A Short History of the Words Ilam and Ilavar

Introductory Statements:

 Dr Peter Schalk1. We have to distinguish between meaning and reference of a word. Ilam means “the land of toddy”, but it refers to the island known as Ilam, Tambapanni, Ilankai, or Cinkalam. The lending of the two, usually results in endless and confused discussions. We should also distinguish between a translation and an explanation. When I write: “Ilam, ‘land of toddy'”, I translate. A translation focuses a lexical meaning (out of several possible). When I say “Ilam got its name ‘land of toddy’ because of its reputed toddy-production”, I explain.

2. Both Ilavar and their critics use different translitterations. We find Ealam, Eelam, Eal(z)avar,
Eel(z)avar. I use throughout Ilam and Ilavar following the Tamil Lexicon (but without diacritica).

3. This paper is a shortened form of a forthcoming paper called “Ilam<Simhala/Sihala?”. In that much longer paper, all references and diacritica can be found. It was not possible to introduce them here.

4. The Tamil stem ila- means either “toddy” or “gold”. It is spelled with long initial I and is followed by an alveolar l. This spelling is important to notice. Alveolar l is a Tamil indicator. Dental and retroflex l are not specific Tamil indicators.

5. When referring to the island Lanka, ila-eans “toddy”. Ila-m is a noun of the first declension. It
means in this case “the land of toddy”. Ilam in pre-colonial sources in Tamil from South India
referred to the whole island.

6. From ila- is derived both Ila-m and Ila-v-ar. The latter means and refers to “toddy drawers”. Both derivations are of South Indian origin only. Ilam can be documented in Tamil pre-Pallava literary works and in one inscription in Tamil not later than 100 AD.
The word Ilavar, however, appears in South Indian inscriptions only from the 9th century AD. This time difference is important to notice for forming historical arguments.

7. Although the two derivations Ilam and Ilavar are related to each other by having a common stem, we cannot conclude that the word Ilavar always has been associated to islanders. The word Ilavar in South Indian mediaeval inscriptions may just refer to the caste or function of toddy-drawers in South India having no reference to islanders.

8. Only from the 19th century onwards appeared sources in South India that in a legendary form referred the working caste of toddy drawers in Madras state and Keralam. They stated that they had their home of origin in Ilam. The consciousness about the South Indian Ilavar caste being of insular origin is therefore not older than about 150-200 years.

9. In the middle of the 19th century the statement was formulated by Robert Caldwell that ila- is not Dravidian, but is the Indo-Aryan word Sihala. It has allegedly been corrupted in Tamil speech. It dropped the initial s- and was contracted to ila-.Ilam is therefore nothing but a corrupted form of Sihala. Caldwells interpretation has been taken up today by the Tamil Lexicon and by Sinhala-Buddhist ethnonationalists who transform phonology into politics. They state that Ilam is nothing but Sihala. Caldwell’s interpretation is, however, not plausible. The word ila- is a Tamil word and means “toddy”. I do not argue in all details for this statement in the present paper. I refer to the forthcoming paper by me called “Ilam<Simhala/Sihala?”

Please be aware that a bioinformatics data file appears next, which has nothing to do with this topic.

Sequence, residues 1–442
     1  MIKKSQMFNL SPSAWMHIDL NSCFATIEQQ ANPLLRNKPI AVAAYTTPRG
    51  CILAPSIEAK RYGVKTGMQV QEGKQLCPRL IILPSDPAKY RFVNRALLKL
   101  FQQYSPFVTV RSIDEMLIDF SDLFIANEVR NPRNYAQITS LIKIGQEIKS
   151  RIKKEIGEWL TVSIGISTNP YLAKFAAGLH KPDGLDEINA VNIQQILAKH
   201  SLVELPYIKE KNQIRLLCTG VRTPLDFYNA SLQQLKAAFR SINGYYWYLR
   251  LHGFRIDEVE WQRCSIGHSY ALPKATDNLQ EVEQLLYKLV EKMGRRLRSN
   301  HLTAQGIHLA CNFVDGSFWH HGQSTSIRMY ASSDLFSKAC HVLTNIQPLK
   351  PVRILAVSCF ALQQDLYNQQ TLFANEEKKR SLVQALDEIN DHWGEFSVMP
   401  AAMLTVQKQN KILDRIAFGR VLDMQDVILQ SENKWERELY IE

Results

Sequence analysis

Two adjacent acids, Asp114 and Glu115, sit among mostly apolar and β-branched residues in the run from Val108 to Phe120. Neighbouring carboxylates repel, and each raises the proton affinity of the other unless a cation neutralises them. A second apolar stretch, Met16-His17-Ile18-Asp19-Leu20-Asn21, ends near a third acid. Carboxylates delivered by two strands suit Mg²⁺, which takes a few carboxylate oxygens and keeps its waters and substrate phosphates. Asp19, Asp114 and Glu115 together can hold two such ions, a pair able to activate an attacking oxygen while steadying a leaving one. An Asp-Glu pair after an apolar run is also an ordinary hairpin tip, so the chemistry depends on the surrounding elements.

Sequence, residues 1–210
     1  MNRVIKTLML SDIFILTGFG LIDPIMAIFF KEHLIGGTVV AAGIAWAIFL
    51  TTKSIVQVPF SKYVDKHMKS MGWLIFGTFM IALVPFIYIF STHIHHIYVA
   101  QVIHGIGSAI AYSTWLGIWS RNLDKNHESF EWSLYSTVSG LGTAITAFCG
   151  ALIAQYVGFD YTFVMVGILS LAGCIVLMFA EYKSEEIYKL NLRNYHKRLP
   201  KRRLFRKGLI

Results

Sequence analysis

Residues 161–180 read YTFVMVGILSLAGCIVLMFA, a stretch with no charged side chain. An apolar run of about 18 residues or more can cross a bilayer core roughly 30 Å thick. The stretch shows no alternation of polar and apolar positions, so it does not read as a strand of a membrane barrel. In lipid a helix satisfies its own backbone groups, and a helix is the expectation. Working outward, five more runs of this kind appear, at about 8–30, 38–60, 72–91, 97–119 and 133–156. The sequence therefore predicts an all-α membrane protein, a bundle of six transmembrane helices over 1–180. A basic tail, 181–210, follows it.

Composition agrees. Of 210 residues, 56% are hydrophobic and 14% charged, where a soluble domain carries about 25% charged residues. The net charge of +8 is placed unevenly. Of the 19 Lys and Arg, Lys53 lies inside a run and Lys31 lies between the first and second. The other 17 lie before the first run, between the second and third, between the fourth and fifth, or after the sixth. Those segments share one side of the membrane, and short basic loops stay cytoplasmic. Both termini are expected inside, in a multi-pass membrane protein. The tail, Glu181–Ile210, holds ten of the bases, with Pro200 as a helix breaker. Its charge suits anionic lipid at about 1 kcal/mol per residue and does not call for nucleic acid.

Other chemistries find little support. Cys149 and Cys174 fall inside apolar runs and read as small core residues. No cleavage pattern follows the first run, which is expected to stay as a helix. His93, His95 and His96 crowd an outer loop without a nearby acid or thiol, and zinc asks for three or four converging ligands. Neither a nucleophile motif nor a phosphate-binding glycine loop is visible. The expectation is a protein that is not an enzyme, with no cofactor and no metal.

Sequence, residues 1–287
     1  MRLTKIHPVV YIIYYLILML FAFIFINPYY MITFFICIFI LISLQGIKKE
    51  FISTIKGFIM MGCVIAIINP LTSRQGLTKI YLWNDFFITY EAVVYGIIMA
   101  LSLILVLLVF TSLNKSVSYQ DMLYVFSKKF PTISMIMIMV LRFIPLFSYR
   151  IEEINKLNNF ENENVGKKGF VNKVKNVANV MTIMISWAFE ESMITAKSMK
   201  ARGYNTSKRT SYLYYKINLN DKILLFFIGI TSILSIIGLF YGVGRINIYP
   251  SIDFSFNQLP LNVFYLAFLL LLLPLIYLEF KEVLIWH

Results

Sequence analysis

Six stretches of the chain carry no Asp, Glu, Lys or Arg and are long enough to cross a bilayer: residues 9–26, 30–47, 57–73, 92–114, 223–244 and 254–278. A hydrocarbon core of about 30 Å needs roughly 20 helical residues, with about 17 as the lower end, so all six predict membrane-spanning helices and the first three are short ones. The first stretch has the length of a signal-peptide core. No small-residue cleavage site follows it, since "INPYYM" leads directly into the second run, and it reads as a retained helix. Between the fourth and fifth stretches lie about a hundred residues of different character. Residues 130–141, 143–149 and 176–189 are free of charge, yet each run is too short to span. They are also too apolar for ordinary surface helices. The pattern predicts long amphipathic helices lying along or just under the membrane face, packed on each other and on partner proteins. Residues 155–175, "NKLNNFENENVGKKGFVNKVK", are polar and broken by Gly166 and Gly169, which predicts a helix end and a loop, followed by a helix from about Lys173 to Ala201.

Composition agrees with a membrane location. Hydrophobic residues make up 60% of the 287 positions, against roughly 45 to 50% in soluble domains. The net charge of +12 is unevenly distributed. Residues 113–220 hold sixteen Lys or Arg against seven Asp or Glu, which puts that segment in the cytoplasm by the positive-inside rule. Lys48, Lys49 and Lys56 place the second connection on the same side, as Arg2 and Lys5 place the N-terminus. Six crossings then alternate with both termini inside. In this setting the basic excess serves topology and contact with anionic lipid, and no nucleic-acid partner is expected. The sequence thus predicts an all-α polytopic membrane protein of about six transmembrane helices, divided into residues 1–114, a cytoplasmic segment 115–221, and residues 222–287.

10. The words Ilam and Ilavar have been taken up by the Tamil resistance movement in the 1980s. The meaning of the stem as “toddy” has, however, not been retrieved. The references of the words have been modified. Ilam means now Tamililam, an area covering what has been reconstructed by historians as the former Kingdom of Yalppanam. Ilavar refers to the future citizens of Tamililam. This citizenship is anticipated by the Tamil resistance in modern martial discourse.

The Words Ilam and Ilavar in Pre-Colonial Tamilakam As indicated above, the word Ilam has several lexical meanings. One possible meaning is “toddy” or “arrack”. Another is “gold”. The island Ilam sent famous poets to South India. One of them went under the name of Ila-ttu-putam-tevanar, “Putam tevanar from Ilam”, mentioned in the Akananuru and the Kuruntokai. We have to connect this information with a Tamil Brahmi inscription not later than 1st century AD. This inscription from Tirupparankunram in Tamilakam, which is written on a stone-bed, runs: erukatur ilakutumpikan polalaiyan “Polalaiyan, (resident of) Erukatur, the husbandman (householder) from Ilam.” This may be the oldest now available reference to the
word Ilam.

The word Ilam can, however, be understood just as name of the island without any thought of toddy. When we speak about Iceland we do not think of ice, but of hot springs. Ilam in this case would refer to the island named Ilam. We can also think of the etymology of the word Ilam and understand it as “the island of toddy”. It depends which perspective we chose. The need to chose becomes acute when we come to the word Ilavar.

Who were the Ilavar in pre-colonial Tamilakam?

They appear in inscriptions from the 9th century AD, up tothe imperial Colas. During the time of the imperial Colas they could live in a special part of a village known as Ila-c-ceri, “the street of the toddy(-drawers)”. These Ilavar are mentioned for example in the Velurpalaiyam plates in Sanskrit and Tamil from the time of the Pallava King Nandivarman III (846-869). This reference is among the first, if not the first, where the word Ilavar appears. They are referred to as Ilavar in the sense of toddy-drawers whose work of climbing coconut trees in a devadana, “donation to a deva”, was regulated.